Project lettertype design is of course about creating a new font. For inspiration we got a list of artist, so first I am going to run through them and their works and than I need to choose one and create a font that based on his of her art visions. Not an easy task… let’s see, the first three artists.
Tony Cragg (born 1949) is a British visual artist specialized in sculpture. He is currently the director of the Kunstakademie Düsseldorf.
Cragg’s innovative use of urban and industrial detritus opened up a new territory for sculpture at the same time as dealing with environmental and social concerns in post-industrial Britain. His first large-scale sculptures were stacks built with found and discarded building materials densely packed together to form solid cubes which could be viewed as sections of geological or archaeological strata from another age. These early works led him to using miscellaneous found items, most commonly made of plastic, to compose images of objects such as an axehead, a canoe, a vacuum cleaner, vessels and figures. Throughout the 1980s, he worked with an increasingly wide range of materials including wood, stone, cast iron, glass, aluminium and bronze. Mother’s Milk II, 1988, shown in his exhibition for the Venice Biennale of the same year, is one of a number of large bronze sculptures of the late 1980s which explored vessel forms derived from laboratory flasks. These sculptures with their rounded shapes were a departure from the flat and stacked configurations which preceded them, and they appeared to both reflect Cragg’s knowledge of and continued concerns with scientific matters as well as suggesting a vocabulary for the body and bodily functions. The vessel and the stacking of materials, both of which are combined in the elaborate glass sculptures of the 1990s, have been constant elements in Cragg’s diverse sculptural output over the last twenty-five years.
Jean Tinguely (1925–1991) was a Swiss painter and sculptor. He is best known for his sculptural machines or kinetic art, in the Dada tradition; known officially as metamechanics. Tinguely’s art satirized the mindless overproduction of material goods in advanced industrial society. Tinguely is one of the most significant machine artists and a father of robotic art.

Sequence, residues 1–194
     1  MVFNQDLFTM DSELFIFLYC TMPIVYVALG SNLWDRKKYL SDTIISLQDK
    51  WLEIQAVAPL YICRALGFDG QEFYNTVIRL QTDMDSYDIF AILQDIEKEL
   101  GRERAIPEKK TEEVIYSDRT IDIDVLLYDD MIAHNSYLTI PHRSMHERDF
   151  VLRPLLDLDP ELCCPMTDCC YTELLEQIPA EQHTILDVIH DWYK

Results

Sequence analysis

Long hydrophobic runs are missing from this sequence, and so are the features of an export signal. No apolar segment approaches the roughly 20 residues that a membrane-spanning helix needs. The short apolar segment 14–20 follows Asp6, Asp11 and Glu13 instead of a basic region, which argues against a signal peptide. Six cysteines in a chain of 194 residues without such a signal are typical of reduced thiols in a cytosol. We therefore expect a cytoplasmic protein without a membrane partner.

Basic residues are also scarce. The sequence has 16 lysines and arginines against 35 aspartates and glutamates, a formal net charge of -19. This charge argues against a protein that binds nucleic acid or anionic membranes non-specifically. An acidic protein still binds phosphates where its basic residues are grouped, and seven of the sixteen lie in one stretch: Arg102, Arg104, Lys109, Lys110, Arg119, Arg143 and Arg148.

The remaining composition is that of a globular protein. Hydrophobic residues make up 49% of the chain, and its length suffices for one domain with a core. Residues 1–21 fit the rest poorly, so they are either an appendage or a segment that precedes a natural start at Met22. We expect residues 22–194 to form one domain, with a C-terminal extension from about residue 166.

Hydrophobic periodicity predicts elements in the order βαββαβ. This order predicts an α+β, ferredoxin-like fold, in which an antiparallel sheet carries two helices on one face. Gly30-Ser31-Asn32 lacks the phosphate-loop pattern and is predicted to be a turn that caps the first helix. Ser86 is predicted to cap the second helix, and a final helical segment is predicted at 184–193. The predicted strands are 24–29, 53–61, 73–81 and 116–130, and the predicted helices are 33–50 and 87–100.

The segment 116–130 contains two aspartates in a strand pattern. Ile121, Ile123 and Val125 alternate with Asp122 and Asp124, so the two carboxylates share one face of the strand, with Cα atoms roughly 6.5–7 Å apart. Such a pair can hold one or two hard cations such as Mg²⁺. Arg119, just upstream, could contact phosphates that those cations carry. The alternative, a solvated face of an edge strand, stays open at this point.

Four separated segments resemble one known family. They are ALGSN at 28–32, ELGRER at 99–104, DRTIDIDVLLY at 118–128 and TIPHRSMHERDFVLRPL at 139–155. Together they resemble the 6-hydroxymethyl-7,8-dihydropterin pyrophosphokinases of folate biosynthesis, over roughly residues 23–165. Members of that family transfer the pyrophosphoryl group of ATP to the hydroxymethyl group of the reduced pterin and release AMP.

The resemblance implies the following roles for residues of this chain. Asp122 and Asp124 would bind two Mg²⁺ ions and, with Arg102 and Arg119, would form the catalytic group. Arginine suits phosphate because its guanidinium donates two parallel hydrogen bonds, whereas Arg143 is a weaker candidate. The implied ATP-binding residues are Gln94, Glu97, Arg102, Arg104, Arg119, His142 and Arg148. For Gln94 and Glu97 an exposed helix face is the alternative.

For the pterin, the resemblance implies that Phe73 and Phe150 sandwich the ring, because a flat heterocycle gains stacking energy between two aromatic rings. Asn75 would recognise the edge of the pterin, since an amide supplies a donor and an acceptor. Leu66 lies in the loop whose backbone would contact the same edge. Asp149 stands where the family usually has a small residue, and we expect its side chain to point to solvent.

He was part of the Nouveau Réalisme movement. A term that characterizes the work of a group of artists who incorporated real objects (often junk items) in their work to make ironic comments on modern life.
Naum Gabo (1890–1977) was a prominent Russian sculptor in the Constructivism movement and a pioneer of Kinetic Art.
The essence of Gabo’s art was the exploration of space, which he believed could be done without having to depict mass. His earliest constructions such as Head No.2 were formal experiments in depicting the volume of a figure without carrying its mass. Gabo’s other concern as described in the Realist Manifesto was that art needed to exist actively in four dimensions including time. Gabo’s vision is imaginative and passionate. Over the years his exhibitions have generated immense enthusiasm because of the emotional power present in his sculpture. Gabo described himself as “making images to communicate my feelings of the world.” In his work, Gabo used time and space as construction elements and in them solid matter unfolds and becomes beautifully surreal and otherworldly. Gabo chose to look past all that was dark in his life, creating sculptures that though fragile are balanced so as to give us a sense of the constructions delicately holding turmoil at bay.